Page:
This particular image, which exists as a hypothesis in my head before I am able to test it experimentally, is doubly singular, because I know that I'll only get one chance at it. The experiment can’t be repeated, because I’ll have to bring the camera up fast and shove it right in the waiter’s face, with no warning. I'm willing to do this once – I’ll take my chances and apologise afterwards – but I won’t get away with it twice.
The footsteps outside reach a particular pitch when someone is approximately two seconds away from the right location, so I’ll have to start moving the camera up when I hear that cue, before the image has actually presented itself to my eye.
1/60 of a second is – just, barely - long enough to distinguish the sound of the shutter opening from that of it closing, an interval during which I cannot in fact see anything, during which I am conscious of nothing: except duration itself.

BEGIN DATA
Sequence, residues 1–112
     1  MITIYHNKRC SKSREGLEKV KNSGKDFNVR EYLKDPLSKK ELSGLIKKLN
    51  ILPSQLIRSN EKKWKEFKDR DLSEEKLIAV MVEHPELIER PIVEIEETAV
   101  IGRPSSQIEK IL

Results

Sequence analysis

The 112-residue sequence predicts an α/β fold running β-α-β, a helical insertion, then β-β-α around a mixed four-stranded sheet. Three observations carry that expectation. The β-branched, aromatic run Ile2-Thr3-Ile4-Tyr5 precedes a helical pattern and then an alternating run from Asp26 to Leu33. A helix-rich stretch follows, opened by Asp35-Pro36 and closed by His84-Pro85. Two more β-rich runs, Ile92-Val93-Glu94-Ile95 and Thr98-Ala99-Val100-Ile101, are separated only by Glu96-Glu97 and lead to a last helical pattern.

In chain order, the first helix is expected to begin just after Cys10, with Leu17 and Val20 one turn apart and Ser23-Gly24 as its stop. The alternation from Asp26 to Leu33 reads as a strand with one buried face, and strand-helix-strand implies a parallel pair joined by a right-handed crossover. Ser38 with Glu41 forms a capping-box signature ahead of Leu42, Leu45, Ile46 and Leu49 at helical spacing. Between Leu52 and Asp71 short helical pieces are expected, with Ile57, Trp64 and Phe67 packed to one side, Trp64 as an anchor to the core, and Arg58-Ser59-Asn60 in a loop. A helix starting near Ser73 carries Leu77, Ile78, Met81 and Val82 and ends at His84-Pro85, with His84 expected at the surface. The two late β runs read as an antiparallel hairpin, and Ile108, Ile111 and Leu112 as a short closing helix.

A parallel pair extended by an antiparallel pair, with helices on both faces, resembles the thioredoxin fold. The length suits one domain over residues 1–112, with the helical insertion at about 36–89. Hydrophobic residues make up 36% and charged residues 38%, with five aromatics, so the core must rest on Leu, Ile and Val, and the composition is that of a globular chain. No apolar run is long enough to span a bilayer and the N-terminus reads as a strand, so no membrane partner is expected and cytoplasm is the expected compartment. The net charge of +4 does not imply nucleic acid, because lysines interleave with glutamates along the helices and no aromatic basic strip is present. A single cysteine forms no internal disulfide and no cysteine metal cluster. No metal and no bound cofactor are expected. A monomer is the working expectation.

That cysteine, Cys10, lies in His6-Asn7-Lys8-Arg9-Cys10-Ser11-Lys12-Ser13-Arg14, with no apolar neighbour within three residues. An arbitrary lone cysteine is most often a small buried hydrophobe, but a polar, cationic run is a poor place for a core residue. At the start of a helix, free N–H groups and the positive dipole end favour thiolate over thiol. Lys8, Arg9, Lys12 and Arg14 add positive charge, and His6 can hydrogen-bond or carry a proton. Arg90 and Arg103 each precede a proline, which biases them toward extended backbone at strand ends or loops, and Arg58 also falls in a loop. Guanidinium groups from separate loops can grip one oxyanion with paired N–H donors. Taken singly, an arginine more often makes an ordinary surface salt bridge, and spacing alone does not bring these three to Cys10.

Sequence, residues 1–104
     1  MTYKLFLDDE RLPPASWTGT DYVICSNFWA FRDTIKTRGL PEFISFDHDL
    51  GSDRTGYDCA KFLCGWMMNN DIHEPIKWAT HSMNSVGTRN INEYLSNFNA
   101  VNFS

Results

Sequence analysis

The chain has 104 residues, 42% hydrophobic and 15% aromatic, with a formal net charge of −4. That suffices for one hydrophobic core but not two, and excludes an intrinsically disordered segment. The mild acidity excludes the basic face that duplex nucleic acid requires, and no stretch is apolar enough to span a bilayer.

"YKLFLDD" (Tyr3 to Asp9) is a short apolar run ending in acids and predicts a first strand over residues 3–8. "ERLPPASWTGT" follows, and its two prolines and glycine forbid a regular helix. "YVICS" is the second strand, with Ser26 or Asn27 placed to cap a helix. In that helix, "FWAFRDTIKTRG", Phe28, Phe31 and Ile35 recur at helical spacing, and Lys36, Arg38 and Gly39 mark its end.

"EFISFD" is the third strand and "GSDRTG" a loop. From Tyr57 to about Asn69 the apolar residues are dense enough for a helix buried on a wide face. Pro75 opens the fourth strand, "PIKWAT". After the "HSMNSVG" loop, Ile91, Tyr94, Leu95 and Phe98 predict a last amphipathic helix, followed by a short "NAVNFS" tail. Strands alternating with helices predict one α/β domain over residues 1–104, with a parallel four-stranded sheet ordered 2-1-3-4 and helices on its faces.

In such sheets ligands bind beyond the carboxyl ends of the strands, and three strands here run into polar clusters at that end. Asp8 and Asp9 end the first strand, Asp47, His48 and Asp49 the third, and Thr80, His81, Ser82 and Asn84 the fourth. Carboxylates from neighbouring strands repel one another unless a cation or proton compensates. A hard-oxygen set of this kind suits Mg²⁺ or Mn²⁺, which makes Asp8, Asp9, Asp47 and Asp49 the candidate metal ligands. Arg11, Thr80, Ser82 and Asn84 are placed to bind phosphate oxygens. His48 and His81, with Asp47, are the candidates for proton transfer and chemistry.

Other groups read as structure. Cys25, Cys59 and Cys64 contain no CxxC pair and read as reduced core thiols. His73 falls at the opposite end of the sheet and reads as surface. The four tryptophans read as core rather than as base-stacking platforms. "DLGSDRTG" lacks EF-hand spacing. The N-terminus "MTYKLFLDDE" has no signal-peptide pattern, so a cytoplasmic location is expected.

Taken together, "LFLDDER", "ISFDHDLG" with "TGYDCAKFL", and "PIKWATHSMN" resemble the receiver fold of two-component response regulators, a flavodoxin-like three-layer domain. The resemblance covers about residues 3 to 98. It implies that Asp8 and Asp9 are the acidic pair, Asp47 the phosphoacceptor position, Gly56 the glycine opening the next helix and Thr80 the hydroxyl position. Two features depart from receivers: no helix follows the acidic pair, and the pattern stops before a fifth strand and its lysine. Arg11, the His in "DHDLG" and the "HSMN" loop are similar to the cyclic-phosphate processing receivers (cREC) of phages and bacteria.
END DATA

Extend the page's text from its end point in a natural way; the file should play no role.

What is the resulting photograph ‘about’? It includes three versions of the waiter. In one sense the bisected mannequin in the foreground at frame right is most real. It’s closest to the camera and is actually there, physically present. But that version of the waiter is an amorphous blob: half a white tuxedo, half a black tie, a quarter of a grey jawbone, an icon of the idea of the costume of a waiter, reduced and simplified almost out of existence. The man’s back, visible as a reflection in the mirror above the espresso machine, is further away, but clearer, more recognisable as an actual human being. Still, it’s turned away from us, expressionless by definition.